5 The Proposed Pledge
5.1 Be Healthy;
5.1.1 We will ensure you are as healthy as you can be. This doesn't just mean your physical health if you are ill, it also means helping you to live a healthy lifestyle.
It is County policy (in line with legislative requirements) for all children in care to have their health needs assessed and their health promoted. Having received an holistic health assessment, every child in care should have in place a health care plan which addresses their holistic health needs (including mental health). In line with the national indicator, Hampshire's performance is good, although the JAR did highlight some issues in relation to health assessments for pre-school children and in relation to immunisations across the board. An action plan will be drawn up to respond to these issues and acted upon accordingly. As Corporate Parents we have a duty to ensure that children's health care plans, which respond to their needs, are reviewed at prescribed intervals.
5.1.2 We will support you to take part in activities in your leisure time
Hampshire County Council already has a good corporate approach to this issue and improvements are being made all of the time. There is regular free access to all Recreation and Heritage county amenities including residential trips to Calshot. There is a proposal to set up 3 local user groups to work on activities and events starting with a pilot in the Western area. Rushmoor and Hart are in discussions about putting together a ten point sports/outdoor challenge which will incorporate the sailing opportunities funded by the High Sheriff's project. Small grants have been made available from the County Arts Office for children in care and the Music service are actively working in partnership with some of the residential units.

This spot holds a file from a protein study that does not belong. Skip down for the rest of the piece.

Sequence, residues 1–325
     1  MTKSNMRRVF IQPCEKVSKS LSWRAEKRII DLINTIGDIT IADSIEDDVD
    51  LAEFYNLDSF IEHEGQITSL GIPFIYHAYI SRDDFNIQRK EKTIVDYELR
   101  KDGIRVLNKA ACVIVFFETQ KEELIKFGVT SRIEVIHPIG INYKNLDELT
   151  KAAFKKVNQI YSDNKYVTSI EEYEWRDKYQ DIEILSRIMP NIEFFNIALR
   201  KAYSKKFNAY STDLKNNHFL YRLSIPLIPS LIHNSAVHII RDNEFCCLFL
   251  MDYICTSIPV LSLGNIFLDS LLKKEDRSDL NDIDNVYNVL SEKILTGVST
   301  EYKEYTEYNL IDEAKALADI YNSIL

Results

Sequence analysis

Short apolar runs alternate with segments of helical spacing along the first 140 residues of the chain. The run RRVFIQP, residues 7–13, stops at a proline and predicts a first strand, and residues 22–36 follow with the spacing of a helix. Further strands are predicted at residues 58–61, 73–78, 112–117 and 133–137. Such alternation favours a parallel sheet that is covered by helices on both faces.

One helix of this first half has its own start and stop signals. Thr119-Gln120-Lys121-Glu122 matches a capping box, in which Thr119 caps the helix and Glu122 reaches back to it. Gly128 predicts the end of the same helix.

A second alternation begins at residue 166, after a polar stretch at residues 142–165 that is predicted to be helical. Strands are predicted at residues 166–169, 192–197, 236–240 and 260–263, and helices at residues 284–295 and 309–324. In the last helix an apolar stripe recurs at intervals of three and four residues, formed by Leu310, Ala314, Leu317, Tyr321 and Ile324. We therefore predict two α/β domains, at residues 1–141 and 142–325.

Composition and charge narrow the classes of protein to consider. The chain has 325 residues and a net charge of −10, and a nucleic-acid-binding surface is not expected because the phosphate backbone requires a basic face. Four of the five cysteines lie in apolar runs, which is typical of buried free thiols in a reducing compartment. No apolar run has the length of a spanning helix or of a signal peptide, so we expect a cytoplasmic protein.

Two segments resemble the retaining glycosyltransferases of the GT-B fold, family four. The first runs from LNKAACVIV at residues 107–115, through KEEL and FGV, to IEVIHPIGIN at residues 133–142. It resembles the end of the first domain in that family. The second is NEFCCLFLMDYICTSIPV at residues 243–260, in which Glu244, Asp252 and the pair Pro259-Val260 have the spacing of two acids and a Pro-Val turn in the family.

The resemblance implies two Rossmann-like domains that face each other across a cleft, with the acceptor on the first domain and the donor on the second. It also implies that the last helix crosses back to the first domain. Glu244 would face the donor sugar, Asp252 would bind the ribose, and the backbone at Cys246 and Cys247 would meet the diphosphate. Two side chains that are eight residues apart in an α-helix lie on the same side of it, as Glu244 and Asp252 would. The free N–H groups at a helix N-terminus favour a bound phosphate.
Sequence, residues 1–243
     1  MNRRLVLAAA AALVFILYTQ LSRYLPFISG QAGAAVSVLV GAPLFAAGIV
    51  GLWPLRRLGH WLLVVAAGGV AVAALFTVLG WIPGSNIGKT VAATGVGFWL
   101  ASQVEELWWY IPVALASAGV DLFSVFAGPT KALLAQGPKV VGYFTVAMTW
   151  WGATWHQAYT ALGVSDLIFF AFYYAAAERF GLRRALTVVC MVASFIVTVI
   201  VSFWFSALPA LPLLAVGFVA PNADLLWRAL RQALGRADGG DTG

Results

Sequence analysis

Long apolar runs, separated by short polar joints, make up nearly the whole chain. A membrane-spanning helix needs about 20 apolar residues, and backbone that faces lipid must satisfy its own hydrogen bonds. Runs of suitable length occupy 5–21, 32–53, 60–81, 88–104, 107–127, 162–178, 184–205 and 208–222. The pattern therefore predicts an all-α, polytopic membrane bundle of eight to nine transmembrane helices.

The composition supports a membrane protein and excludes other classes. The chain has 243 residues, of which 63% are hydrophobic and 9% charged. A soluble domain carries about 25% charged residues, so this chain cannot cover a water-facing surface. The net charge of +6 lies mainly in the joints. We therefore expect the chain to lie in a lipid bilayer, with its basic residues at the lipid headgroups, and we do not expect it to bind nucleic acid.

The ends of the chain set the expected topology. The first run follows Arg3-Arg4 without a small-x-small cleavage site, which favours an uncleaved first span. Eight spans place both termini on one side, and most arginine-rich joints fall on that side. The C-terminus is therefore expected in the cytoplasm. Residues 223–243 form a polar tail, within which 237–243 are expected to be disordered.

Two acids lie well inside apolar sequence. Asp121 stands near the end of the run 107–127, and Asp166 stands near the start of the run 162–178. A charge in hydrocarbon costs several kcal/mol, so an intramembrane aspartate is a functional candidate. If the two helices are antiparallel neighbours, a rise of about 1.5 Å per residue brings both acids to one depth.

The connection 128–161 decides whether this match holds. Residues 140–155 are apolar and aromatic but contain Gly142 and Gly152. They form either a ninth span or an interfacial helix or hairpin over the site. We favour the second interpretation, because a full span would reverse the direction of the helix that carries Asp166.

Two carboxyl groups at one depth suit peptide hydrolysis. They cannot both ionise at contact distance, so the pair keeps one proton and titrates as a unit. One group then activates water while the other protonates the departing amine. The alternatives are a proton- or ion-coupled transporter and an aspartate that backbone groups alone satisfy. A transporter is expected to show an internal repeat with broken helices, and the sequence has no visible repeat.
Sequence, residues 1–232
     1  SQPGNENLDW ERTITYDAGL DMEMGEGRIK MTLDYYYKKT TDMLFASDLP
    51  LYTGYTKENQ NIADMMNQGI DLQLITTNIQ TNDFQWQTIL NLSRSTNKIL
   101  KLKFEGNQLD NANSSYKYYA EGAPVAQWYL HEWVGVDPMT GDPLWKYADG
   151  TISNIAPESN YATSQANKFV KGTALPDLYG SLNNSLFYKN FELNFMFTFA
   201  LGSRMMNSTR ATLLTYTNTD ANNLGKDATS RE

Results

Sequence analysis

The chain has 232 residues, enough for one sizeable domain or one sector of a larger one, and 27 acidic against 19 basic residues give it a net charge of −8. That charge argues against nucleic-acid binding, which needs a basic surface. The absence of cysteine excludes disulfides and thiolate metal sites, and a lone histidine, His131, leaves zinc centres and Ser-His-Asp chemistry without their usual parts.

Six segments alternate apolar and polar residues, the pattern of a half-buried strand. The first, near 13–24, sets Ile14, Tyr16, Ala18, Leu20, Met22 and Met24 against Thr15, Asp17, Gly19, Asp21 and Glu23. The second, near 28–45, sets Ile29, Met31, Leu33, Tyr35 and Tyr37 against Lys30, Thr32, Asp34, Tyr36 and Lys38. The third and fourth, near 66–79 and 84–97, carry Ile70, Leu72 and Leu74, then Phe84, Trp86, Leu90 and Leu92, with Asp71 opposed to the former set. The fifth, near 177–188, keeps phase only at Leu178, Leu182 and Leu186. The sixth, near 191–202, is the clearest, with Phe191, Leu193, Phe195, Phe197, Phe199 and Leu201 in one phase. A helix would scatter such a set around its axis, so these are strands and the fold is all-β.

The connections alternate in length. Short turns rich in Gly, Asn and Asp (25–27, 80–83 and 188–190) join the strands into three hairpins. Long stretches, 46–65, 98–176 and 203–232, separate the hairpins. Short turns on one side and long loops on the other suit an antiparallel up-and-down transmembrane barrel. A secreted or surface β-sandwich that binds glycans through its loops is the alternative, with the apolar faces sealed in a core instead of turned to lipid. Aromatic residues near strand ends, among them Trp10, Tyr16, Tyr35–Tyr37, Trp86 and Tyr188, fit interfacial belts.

5.2 Stay Safe:
5.2.1 We will ensure, as far as possible, that you have one adult who can support you throughout your time in care
This is an issue which young people both nationally and locally have said is important to them. As well as being qualified, young people want some stability from this key adult in their lives. Retention of qualified social workers is and has always been a challenge, specifically in some parts of Hampshire and whilst we would aspire to every child having access to a qualified worker as and when they wish, and on an ongoing basis, it will not always be possible for all children in care to have access to the same worker throughout.